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Who's the right hire for your remote team?

November 13, 2018

Hiring people for business has always been a demanding task. Finding the right people, the best people, and at the right time is crucial. In the ever-changing modern world of work, the landscape is being reshaped with new themes, new ideas and new technology. And new opportunities. More and more organisations are seeing the benefits of remote working. Overheads are lowered, and productivity improved. At the same time, more and more, modern employees now expect and accept the chance to work autonomously and self-driven. This new way of working is rapidly becoming the magic solution. But hiring remote workers, the right remote workers, can be a tricky process, and one that startups and SMEs particularly need to get right.

So how do employers know who is right for the role, and who isn’t? We know this way of working doesn’t suit everybody. Hiring the right people is critical, maybe even more so when hiring for a remote team. It’s important to see the differences. While candidates may have all the skills for the role, it doesn't automatically follow that they can apply those skills outside of the traditional workplace environment without close supervision.

Starting at the beginning, its down to trust. Can this candidate be trusted to work remotely? Have they any experience of working in that way? Actual, real, experience? People don’t tend to check CVs these days, but it’s always a good idea. Especially if you’re about to give a role to someone you’ll hardly ever see. If they’re comfortable and experienced they have the right temperament and skills for this kind of role, and they should be able to provide some evidence. Ask them. Remote work comes with its own problems too, low motivation, distractions, and tech difficulties being the main three. It’s worth bringing this up during the hiring process. How would they tackle these problems?

Its always worth adding a couple of extra levels into the hiring process for remote workers, to get the specifics and intricate details right. It might be an idea to use various interview methods. Skype, phone and email will all show different communication skills. Remember, you're not going to be watching over their shoulders every day. Their competence needs to be proven. Successful remote workers are independent, self-driven and comfortable working from their own initiative. Again, they need to be able to prove it too.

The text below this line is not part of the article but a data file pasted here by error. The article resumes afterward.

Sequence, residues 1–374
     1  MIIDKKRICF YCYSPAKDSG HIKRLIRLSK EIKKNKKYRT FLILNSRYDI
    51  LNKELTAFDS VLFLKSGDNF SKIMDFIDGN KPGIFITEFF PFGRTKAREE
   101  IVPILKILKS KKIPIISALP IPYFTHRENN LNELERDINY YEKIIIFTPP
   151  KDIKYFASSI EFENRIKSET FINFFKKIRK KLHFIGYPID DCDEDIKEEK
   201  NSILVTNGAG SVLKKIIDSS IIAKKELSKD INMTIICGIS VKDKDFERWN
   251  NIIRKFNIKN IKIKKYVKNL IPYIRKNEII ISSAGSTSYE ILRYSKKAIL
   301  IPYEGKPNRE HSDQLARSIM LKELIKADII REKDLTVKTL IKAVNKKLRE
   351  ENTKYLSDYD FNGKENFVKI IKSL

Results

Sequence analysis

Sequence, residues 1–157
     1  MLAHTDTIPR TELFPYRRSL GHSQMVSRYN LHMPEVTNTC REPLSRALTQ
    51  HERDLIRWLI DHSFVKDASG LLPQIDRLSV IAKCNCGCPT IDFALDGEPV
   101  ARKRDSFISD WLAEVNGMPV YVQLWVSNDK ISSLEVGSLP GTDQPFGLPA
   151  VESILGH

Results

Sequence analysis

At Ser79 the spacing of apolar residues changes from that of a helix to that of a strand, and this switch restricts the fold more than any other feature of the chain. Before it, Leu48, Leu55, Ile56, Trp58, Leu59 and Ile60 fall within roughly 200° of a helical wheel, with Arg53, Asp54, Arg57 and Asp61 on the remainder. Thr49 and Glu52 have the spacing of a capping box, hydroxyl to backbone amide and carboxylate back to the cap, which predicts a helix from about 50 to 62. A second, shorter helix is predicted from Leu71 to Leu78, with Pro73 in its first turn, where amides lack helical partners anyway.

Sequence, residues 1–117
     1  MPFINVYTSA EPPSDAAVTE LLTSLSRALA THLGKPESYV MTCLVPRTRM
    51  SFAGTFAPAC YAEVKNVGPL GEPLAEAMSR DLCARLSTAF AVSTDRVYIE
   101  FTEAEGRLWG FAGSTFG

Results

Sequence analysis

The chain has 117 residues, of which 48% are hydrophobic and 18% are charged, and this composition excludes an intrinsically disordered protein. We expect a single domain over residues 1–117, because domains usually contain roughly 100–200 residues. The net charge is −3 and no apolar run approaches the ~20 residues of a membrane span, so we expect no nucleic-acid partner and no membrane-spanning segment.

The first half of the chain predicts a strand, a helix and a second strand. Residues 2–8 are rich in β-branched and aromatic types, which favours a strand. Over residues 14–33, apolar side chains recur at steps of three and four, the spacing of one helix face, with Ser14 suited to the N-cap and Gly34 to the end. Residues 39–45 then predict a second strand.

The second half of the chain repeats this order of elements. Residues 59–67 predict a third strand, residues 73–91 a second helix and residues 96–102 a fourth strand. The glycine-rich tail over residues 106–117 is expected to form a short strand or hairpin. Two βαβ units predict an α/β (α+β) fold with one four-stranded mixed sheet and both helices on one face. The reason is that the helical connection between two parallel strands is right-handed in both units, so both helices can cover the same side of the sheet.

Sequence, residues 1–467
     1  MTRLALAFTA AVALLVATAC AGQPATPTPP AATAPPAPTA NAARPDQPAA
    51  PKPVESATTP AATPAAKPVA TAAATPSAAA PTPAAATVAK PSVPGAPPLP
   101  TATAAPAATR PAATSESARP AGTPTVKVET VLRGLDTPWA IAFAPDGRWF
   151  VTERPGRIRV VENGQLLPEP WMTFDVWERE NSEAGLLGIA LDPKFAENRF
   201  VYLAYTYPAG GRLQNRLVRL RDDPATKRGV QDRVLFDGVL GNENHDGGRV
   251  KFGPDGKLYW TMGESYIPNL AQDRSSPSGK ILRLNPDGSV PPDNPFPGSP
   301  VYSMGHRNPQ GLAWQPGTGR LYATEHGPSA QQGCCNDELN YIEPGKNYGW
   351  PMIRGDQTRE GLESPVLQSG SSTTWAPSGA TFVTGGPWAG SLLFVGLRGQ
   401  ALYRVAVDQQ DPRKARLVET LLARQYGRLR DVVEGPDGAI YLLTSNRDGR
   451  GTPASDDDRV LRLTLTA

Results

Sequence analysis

We know that central to the success of remote working is strong, clear and effective communication, so candidates should be able to show their writing skills and articulate ideas well.

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And what happens once you’ve made your decision and taken the right person on? What next? Well, onboarding remote staff, like the hiring process itself, presents its own challenges. It’s not just a question of giving them a desk and a parking space. The new remote worker will need the right tools and systems access from day one. They’ll need a regular check in, at least for the initial period, and support from both peers and managers. This will give them the opportunity to begin proving themselves and gaining that all important trust, as well as giving managers the chance to embed them well into the team and the structure of the organisation.

Obviously, there are no hard and fast rules for hiring any new staff, but it’s important for businesses to recognise that remote work is a new way of operating, with unique targets and needing a particular management style. If the future is remote, then the future is the remote worker, and that needs to be the right person.

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